A Google-linked autonomous taxi service will officially launch in Phoenix in December, Bloomberg reports.
The ride-hailing scheme will be a direct competitor to Uber and Lyft, and operate under a yet to be announced name.
Waymo, a subsidiary of Google parent company Alphabet, has been testing its self-driving Chrysler Pacifica Hybrid minivans in Arizona for the past year and is currently operating a beta version of the service for a select group of users.
The vehicles will initially have human backup drivers on board, but will eventually operate without them. Waymo released a 360-degree in-car video of a fully driverless vehicle earlier this year to offer an idea of what the experience will be like.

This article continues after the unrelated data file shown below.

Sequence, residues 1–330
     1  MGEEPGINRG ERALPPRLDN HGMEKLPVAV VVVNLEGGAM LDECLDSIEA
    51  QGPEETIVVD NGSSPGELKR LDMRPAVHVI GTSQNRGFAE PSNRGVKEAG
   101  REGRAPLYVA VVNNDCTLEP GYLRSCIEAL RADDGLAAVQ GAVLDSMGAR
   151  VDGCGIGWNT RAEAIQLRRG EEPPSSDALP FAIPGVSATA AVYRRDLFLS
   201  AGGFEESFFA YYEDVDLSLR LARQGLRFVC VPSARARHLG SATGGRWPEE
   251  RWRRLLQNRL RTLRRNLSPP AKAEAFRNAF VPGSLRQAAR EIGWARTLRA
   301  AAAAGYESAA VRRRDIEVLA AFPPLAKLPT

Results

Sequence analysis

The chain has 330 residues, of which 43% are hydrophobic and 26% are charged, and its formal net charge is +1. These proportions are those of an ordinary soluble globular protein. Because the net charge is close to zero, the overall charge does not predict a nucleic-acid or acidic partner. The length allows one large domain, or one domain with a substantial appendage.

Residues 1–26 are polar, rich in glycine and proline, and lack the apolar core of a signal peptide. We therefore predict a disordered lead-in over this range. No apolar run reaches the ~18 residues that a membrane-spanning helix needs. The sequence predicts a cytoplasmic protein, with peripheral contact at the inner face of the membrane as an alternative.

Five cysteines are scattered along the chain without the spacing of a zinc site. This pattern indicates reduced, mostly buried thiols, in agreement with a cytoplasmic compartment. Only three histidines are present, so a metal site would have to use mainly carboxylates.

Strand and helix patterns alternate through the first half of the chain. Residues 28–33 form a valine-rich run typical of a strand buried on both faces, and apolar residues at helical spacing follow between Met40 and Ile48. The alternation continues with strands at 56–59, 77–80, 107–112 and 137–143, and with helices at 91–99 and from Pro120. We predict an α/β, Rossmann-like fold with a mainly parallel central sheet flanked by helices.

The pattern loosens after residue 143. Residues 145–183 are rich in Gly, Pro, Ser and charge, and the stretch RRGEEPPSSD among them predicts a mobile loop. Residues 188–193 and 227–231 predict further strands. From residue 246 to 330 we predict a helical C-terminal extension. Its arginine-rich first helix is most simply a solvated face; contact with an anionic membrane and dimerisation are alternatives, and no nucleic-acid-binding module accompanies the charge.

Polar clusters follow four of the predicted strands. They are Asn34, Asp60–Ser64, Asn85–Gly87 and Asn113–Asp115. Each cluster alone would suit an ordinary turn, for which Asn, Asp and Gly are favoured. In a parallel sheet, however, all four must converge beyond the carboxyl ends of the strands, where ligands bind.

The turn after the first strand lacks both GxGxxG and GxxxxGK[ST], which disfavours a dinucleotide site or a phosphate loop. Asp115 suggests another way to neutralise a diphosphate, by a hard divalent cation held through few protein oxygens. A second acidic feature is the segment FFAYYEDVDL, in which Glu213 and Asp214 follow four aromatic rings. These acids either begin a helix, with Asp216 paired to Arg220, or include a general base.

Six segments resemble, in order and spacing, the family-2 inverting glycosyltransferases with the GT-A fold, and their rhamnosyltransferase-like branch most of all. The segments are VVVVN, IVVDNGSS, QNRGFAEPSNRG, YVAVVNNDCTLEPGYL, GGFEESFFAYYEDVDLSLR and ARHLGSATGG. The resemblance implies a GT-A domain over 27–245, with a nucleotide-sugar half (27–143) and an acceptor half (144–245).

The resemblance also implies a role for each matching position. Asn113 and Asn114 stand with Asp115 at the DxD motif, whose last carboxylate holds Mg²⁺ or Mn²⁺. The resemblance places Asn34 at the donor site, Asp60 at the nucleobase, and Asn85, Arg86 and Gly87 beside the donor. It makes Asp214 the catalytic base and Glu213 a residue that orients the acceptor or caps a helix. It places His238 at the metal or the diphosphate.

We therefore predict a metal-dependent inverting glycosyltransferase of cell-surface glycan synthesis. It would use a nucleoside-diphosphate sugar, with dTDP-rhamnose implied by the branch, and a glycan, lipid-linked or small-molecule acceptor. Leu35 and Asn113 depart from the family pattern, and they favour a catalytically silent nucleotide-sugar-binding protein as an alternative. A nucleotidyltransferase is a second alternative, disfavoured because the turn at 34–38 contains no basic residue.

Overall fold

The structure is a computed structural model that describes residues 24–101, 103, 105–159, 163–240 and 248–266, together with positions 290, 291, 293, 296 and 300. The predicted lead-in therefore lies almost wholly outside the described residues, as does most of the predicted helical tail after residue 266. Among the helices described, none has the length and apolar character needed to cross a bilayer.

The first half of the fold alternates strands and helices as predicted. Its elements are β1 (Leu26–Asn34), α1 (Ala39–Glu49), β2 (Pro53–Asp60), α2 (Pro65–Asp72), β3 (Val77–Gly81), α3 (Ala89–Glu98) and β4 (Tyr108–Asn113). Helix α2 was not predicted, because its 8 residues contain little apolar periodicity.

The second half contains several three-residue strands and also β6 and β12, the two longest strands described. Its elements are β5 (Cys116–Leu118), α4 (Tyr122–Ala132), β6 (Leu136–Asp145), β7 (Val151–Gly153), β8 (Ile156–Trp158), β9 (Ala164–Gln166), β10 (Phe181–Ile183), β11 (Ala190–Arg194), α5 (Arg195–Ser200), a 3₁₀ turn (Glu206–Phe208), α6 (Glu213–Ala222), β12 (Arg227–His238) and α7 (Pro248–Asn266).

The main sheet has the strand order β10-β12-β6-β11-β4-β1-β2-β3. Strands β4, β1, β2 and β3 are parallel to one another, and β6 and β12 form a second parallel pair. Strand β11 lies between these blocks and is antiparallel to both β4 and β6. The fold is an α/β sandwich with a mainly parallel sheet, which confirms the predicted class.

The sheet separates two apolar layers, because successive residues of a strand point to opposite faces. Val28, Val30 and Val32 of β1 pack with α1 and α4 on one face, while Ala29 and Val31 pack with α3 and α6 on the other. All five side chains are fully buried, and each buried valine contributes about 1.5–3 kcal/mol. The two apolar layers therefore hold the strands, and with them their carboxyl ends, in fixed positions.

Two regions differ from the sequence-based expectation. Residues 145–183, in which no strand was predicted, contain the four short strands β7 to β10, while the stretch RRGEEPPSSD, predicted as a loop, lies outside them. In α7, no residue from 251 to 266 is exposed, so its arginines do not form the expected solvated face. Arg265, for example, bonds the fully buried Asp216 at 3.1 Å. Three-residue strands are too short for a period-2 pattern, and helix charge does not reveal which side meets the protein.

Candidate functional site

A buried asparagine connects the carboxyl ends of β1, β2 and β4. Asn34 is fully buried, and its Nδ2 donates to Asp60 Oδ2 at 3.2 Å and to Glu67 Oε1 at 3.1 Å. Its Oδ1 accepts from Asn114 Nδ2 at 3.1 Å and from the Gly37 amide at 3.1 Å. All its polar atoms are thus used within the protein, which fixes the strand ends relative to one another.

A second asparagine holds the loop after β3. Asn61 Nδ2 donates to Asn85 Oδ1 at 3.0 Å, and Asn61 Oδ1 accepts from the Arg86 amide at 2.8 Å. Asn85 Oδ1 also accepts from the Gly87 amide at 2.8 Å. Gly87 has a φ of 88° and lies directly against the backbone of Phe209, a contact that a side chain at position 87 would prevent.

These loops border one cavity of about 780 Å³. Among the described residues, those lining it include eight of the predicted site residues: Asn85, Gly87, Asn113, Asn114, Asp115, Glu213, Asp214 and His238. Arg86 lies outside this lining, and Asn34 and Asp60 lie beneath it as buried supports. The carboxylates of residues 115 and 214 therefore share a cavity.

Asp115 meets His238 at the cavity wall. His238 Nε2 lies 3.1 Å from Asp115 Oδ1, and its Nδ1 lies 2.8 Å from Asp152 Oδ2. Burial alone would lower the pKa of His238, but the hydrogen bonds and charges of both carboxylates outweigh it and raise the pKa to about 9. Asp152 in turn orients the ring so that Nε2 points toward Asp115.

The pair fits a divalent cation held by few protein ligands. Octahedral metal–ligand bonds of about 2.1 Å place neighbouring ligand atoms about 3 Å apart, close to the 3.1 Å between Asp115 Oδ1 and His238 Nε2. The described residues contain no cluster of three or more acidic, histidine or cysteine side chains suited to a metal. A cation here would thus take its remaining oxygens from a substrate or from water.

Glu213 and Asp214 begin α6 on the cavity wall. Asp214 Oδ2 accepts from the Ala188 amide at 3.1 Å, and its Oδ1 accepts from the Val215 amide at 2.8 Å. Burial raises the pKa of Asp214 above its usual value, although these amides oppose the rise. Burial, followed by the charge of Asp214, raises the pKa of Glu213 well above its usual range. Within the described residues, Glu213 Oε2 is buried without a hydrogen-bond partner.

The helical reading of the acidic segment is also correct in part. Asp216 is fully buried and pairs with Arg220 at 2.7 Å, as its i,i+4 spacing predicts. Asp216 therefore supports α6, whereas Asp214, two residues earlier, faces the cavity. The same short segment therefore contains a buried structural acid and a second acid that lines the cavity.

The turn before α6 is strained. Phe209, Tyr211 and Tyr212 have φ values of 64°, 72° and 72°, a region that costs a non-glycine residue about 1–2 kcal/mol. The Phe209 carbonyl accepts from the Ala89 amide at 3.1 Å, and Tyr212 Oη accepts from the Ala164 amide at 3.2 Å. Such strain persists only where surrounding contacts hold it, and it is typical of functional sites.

Waymo's vehicles have been tested over millions of miles and have been involved in a handful of accidents, all of which involved human error. During a recent test in California, the backup driver fell asleep in the car and accidentally hit the gas pedal, which switched it into manual mode and led to a collision with a highway median.
Waymo has already ordered more than 60,000 Pacificas and 20,000 Jaguar I-Pace electric SUVs for the planned service, which will eventually roll out nationwide. The cars will be retrofitted with Waymo’s technology, which includes a roof-mounted array of sensors.
Pricing for the service is expected to be competitive with its conventional competitors.
The company has not confirmed the details of the report.